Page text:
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Felons to feds: Obama orders government to hire ex-cons

Douglas Ernst

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Nov. 2, 2015

The Obama administration has a two-pronged approach to handing federal inmates: Release them and then make it easier for ex-convicts to work for the government.

Obama’s “ban the box” executive orders announced Monday follow a massive release of up to 6,000 convicted drug felons Nov. 1. The measures delay the ability of federal hiring personnel and federal contractors to find out if job applicants have a criminal record.

“The president has called on Congress to follow a growing number of states, cities, and private companies that have decided to ‘ban the box’ on job applications. We are encouraged that Congress is considering bipartisan legislation that would ‘ban the box’ for federal hiring and hiring by federal contractors,” the White House said in a statement. “In the meantime, the president is directing the Office of Personnel Management to take action where it can by modifying its rules to delay inquiries into criminal history until later in the hiring process.”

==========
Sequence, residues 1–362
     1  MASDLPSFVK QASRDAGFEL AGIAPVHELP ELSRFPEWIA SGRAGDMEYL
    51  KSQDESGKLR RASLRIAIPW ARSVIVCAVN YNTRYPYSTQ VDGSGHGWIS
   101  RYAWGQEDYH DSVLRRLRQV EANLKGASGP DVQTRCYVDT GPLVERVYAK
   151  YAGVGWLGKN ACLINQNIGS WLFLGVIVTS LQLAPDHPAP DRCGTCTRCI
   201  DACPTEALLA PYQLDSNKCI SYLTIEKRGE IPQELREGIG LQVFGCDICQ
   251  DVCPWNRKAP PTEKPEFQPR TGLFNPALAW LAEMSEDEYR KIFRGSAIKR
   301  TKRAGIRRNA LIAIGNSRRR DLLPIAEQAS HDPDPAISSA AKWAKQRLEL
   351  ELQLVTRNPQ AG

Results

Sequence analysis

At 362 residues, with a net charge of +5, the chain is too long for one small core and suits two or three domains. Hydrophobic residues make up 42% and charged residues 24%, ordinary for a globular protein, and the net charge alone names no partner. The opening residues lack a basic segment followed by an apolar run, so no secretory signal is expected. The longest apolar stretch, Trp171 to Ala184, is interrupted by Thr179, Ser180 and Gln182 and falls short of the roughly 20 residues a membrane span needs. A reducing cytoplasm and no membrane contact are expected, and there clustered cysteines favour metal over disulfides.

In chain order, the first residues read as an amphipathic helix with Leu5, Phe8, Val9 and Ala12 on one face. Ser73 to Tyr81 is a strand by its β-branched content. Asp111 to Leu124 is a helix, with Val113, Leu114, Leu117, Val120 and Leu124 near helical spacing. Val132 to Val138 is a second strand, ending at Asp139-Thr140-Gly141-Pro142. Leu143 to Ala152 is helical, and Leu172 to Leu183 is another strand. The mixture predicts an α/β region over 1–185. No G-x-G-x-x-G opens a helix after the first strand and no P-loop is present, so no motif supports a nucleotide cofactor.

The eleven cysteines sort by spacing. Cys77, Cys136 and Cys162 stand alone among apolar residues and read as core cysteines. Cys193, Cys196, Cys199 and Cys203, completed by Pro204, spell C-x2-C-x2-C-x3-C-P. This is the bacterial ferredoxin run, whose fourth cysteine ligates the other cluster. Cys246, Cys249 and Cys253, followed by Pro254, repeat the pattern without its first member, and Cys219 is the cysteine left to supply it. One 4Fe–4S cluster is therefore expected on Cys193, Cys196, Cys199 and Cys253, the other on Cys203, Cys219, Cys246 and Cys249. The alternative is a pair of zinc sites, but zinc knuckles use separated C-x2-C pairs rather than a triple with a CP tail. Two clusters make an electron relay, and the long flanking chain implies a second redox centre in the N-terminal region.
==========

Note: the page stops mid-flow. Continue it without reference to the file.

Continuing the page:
What do YOU think? Sound off on Obama’s order to open government jobs to ex-convicts

Changes in federal sentencing rules for drug crimes made by the U.S. Sentencing Commission in 2014 may eventually free up to 46,000 inmates, the Wall Street Journal reported Oct. 6. The White House maintains it is only freeing nonviolent offenders (mostly from California, Florida, Illinois, North Carolina and Texas).

“We’re fooling the public when we tell them we’re releasing nonviolent drug offenders,” Steven Cook, head of the National Association of Assistant U.S. Attorneys, told Politico on Monday.

Get the details on Obama’s activities in “The People vs. Barack Obama: The Criminal Case Against the Obama Administration.”

The Bureau of Justice Statistics reports recidivism rates at 68 percent within three years and 77 percent within five years, Breitbart News reported Monday.

Those statistics may be why a prison reform bill is stalled in the U.S. Senate.

“When police officers across this country are under assault right now, are being vilified, when we’re seeing violent crime spiking in our cities across the country, I think it would be a serious mistake for the Senate to pass legislation providing for 7,082 convicted criminals potentially to be released early,” Sen. Ted Cruz, R-Texas, said Monday, Politico reported.

(Photo: Southern California Public Radio)

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